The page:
Get kubectl access to your private cluster from anywhere

This tutorial shows you how to punch out your private Kubernetes API server to the Internet, so that you can manage your cluster from anywhere, just like you would with a cloud offering. You can also use it to punch out from one VPC to another, if the hosting VPC doesn't allow inbound connections.

So whether you're running on-premises, with minikube, Docker Desktop, K3d, K3s, Microk8s, or even on a Raspberry Pi, read on to see how it all works. At the end, you'll be able to access your cluster remotely, from anywhere on the Internet.

These steps have been tested with kubeadm, K3s, K3d and OpenShift.

You'll need:

  • A host with Kubernetes running - installed via kubeadm or k3s, this will be on your private network
  • An access key / API token for public cloud, where a host will be provisioned
  • A laptop that will connect to your Kubernetes cluster over the public IP
  • A personal license, business license or a free 14-day trial for inlets PRO

On the private host behind a firewall/NAT where Kubernetes is running, you'll see two things:

  • TCP traffic served on port 6443
  • A KUBECONFIG file at $HOME/.kube/config

Let's get started with the guide. We'll start by creating an exit-node which will run the inlets-pro server. Our laptop will connect to this address to access our private cluster.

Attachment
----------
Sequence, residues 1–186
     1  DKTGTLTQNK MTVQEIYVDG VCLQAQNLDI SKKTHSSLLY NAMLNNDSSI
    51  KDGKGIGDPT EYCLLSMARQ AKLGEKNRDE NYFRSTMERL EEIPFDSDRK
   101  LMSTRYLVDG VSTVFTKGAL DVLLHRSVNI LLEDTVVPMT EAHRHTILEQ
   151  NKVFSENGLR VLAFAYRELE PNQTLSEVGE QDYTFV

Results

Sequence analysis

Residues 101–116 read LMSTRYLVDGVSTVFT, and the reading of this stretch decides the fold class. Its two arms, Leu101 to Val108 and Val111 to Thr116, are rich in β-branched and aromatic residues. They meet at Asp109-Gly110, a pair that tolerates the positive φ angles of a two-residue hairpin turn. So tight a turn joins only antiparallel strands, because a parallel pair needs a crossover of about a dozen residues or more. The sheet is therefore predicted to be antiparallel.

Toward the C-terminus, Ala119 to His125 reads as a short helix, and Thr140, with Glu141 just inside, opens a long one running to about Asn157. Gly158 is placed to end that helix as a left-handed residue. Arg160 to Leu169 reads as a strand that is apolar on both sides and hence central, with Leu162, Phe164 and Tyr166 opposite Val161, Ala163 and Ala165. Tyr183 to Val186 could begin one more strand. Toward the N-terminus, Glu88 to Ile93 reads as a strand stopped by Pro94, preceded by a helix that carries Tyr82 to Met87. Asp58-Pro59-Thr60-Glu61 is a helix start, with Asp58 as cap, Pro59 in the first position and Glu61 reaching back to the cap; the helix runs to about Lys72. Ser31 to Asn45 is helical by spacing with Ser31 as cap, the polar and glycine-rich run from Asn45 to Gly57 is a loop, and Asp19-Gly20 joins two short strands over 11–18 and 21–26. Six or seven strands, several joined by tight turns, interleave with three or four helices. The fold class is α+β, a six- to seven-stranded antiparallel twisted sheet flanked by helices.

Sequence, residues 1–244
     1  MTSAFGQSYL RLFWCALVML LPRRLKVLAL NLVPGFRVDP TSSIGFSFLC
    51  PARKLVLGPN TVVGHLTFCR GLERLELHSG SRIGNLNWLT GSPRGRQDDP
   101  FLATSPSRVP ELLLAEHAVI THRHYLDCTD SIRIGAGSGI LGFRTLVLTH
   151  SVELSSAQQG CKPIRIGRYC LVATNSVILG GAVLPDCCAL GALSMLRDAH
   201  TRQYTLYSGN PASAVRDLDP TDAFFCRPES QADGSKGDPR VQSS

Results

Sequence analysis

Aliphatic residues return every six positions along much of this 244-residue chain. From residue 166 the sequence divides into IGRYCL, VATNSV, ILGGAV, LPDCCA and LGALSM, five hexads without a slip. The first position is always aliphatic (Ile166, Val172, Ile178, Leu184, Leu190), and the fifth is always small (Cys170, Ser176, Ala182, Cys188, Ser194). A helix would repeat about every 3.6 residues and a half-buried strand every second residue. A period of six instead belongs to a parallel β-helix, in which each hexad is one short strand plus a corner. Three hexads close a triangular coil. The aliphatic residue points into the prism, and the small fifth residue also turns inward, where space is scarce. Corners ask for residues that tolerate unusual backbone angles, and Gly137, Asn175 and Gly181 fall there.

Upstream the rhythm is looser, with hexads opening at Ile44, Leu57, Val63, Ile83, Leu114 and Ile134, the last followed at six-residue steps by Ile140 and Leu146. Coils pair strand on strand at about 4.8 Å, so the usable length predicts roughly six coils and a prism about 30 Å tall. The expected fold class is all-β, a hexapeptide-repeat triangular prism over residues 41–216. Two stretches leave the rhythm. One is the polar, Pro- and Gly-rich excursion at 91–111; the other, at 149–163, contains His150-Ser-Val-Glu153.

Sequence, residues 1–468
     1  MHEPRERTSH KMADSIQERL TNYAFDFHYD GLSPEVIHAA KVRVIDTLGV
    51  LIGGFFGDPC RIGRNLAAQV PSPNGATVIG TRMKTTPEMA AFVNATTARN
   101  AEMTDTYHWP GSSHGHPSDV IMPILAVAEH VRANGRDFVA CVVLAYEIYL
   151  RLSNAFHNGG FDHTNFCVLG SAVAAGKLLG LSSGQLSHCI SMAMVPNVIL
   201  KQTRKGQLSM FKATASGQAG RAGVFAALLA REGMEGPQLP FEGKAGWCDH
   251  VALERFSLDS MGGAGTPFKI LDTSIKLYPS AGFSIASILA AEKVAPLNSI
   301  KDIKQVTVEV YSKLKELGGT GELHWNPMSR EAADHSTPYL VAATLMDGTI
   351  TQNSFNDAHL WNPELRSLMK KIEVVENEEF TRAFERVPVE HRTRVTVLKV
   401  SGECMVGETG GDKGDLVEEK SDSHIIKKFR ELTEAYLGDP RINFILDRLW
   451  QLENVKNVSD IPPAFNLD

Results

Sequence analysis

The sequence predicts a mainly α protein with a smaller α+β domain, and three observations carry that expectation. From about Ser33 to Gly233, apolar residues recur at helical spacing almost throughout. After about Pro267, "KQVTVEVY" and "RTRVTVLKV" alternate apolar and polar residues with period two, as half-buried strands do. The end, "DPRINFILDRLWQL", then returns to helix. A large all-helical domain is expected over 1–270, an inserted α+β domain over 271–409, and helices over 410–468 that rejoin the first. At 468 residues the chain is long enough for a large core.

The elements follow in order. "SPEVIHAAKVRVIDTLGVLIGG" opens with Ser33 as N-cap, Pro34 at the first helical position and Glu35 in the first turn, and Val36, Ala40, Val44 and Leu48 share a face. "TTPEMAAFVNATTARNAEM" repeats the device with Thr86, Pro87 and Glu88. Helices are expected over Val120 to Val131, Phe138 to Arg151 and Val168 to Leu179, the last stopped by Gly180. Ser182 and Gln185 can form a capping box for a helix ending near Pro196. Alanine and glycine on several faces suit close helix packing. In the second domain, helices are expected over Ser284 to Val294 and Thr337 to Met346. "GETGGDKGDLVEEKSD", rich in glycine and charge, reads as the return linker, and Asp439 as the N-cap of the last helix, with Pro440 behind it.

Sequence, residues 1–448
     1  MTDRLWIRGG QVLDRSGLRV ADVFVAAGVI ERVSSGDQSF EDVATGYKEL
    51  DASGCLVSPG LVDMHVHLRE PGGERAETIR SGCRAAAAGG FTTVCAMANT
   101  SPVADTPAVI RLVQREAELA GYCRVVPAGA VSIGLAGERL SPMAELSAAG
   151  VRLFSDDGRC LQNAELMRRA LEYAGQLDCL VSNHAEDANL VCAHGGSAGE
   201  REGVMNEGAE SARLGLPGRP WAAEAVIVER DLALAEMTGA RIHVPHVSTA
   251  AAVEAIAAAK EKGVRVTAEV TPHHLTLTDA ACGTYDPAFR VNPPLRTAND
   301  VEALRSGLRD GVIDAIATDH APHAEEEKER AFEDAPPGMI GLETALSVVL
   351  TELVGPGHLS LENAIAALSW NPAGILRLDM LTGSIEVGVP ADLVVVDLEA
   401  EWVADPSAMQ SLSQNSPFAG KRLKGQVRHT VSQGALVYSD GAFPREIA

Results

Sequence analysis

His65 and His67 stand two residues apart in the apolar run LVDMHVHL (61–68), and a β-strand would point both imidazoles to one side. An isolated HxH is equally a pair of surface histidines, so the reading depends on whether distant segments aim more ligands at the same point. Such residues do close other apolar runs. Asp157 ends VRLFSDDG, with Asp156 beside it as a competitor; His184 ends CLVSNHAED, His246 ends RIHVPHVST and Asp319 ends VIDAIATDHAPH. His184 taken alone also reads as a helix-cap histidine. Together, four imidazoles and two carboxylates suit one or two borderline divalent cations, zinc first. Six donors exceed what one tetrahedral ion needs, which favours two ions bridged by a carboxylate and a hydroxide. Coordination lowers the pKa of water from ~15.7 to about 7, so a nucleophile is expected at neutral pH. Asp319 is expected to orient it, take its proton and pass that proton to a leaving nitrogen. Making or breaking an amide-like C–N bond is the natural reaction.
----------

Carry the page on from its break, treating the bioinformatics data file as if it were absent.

Get the inlets client binary

On the Kubernetes host install inlets-pro and inletsctl, make sure that you run this command, even if you already have the tools. It will ensure you have the latest fixes and changes.

curl -sLSf | sudo sh

sudo inletsctl download

Now provision an exit node to a cloud provider such as DigitalOcean.

  • --upstream - find the IP of your primary Ethernet adapter, for a home network this may be something like
  • --access-token-file - get this from your cloud provider's dashboard
  • --provider - run inletsctl create --help for a list
inletsctl create \
  --access-token-file ~/Downloads/do-access-token \
  --provider digitalocean \
  --region lon1

You'll see output like this when your tunnel server is provisioned. Don't run this command yet, but take a note of the token and --url.

inlets-pro exit-node summary:
  Auth-token: fKuyjI4QY12zDyU6Kjwyox6sPgIf65wY1eVGTGDVK9nRWsRbBBI1pACNMRTLnJKk
  export PORTS="8000"
  export UPSTREAM=""
  export TOKEN="fKuyjI4QY12zDyU6Kjwyox6sPgIf65wY1eVGTGDVK9nRWsRbBBI1pACNMRTLnJKk"

  inlets-pro tcp client \
    --url "wss://" \
	--token "$TOKEN" \
	--ports $PORTS \

To Delete:
	  inletsctl delete --provider digitalocean --id "175227193"